The Importance of Stories for Children with EAL

What is EAL?

EAL refers to English as an Additional Language. It is a term used to describe the teaching of English to students who have not learned it as their first language.

EAL could refer to students who were born in, or have lived in the UK for a long time, but who speak another language at home and may not be as fluent in English which may affect their literacy levels. It may also refer to bi-lingual children. Irrespective of the child’s proficiency in English, the Department of Education in the UK requires that if a child is exposed to more than one language (which may include English), a language other than English should be recorded.

Supporting children with EAL

It is important to know that children with EAL may experience a lot of challenges in their academic life. It is good for teachers and parents to be aware of this so they can help the child succeed academically.

To support children with EAL, teachers need to be aware of the different ways that they can help their students. Teachers should provide a good amount of speaking and listening opportunities in the classroom and also use pictures and gestures when teaching new vocabulary. Teachers must try to understand how much English these students know before talking about something new because it could overwhelm them.

Why are stories so important for those with EAL?

Stories are one of the things that make us human. We can all relate to a story because we are hardwired to learn that way. They are one of the most versatile and powerful tools we have.

Stories in a child’s home language are transferable to a second language and are therefore a great advantage to those learning EAL. Knowledge of stories enhances and facilitates their learning, especially when using dual text.

Choose a story with a clear storyline and simple direct language. Illustrated books are great and can help the children learn about other cultures. They are an inclusive way of teaching.

Take a number of words from the story and list them on the wall with a picture. Put the English name against the child’s first language. You can then refer to these words as you are telling the story.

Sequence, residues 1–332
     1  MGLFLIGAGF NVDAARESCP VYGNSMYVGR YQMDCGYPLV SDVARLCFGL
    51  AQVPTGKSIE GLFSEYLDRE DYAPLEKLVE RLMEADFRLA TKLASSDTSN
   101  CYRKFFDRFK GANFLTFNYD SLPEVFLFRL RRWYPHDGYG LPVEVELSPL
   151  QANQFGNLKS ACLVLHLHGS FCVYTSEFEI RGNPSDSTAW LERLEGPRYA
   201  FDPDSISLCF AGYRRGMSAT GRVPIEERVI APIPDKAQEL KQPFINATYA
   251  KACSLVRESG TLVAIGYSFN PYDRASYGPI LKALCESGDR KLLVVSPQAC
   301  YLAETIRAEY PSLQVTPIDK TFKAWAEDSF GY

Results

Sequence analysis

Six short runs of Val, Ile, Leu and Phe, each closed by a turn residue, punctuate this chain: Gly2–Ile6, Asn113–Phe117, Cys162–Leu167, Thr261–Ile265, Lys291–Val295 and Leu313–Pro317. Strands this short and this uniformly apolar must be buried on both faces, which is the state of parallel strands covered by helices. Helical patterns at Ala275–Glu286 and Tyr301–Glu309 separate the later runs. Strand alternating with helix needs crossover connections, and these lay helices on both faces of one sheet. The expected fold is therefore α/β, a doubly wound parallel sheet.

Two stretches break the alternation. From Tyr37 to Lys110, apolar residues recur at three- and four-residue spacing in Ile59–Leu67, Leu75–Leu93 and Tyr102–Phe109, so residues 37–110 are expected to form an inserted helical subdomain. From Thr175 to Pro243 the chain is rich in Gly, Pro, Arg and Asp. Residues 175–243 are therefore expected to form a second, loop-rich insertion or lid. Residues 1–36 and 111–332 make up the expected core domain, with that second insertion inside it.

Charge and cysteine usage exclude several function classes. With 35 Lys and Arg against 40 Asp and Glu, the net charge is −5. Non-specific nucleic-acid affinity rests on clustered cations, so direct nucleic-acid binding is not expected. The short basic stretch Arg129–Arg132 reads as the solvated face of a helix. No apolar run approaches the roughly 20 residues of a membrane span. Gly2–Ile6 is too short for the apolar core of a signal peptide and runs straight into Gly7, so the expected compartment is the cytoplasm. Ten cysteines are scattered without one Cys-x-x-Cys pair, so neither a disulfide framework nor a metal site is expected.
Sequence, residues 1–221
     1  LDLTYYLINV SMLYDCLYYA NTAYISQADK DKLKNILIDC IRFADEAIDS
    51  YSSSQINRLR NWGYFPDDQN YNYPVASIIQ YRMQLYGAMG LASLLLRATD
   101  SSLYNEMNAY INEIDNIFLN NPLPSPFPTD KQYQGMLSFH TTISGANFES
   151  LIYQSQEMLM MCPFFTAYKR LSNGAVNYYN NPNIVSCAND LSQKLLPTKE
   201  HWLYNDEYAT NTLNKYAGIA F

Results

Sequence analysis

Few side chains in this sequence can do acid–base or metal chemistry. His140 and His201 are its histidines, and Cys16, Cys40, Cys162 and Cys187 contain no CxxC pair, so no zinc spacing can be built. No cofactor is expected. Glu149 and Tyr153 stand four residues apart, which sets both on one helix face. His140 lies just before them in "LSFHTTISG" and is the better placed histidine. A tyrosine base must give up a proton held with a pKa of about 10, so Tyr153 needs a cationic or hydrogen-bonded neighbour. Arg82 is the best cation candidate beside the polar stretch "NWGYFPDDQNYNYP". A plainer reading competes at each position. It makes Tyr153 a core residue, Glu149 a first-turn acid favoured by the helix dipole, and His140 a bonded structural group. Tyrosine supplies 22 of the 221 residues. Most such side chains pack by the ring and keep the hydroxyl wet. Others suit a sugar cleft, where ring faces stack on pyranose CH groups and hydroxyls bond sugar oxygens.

For example, if you are telling a story about the 3 little pigs you would have a picture of the pig and the word ‘pig’ underneath. Write the word ‘pig’ in the child’s first language, and give them comfort and context.

If you have several children in the setting or school with EAL then you might want to put them into small groups or pairs with children whose first language is English to help them learn together. This will help the English-speaking children learn a new language and again create an inclusive learning environment.

Additional activities to support children with EAL

  1. Spend time with the child’s parents to give you some context of the child’s community. This may also help you learn about the kinds of activities the child enjoys, and help you with lesson planning.
  2. Develop a listening corner in your setting
  3. Play games such as Simon Says to help children develop listening and language skills
  4. Get singing! Use story sets to build understanding of songs and rhymes.
  5. Find further support at the links below.

Looking for further support

Need further support for children with EAL? Check out these resources for activities, guides, and more!

Little Creative Days

Guidance for Early Years practitioners on supporting children learning English as an Additional Language (EAL). (

5 Tips to support children with EAL (

13 ways to offer a more inclusive environment | Famly

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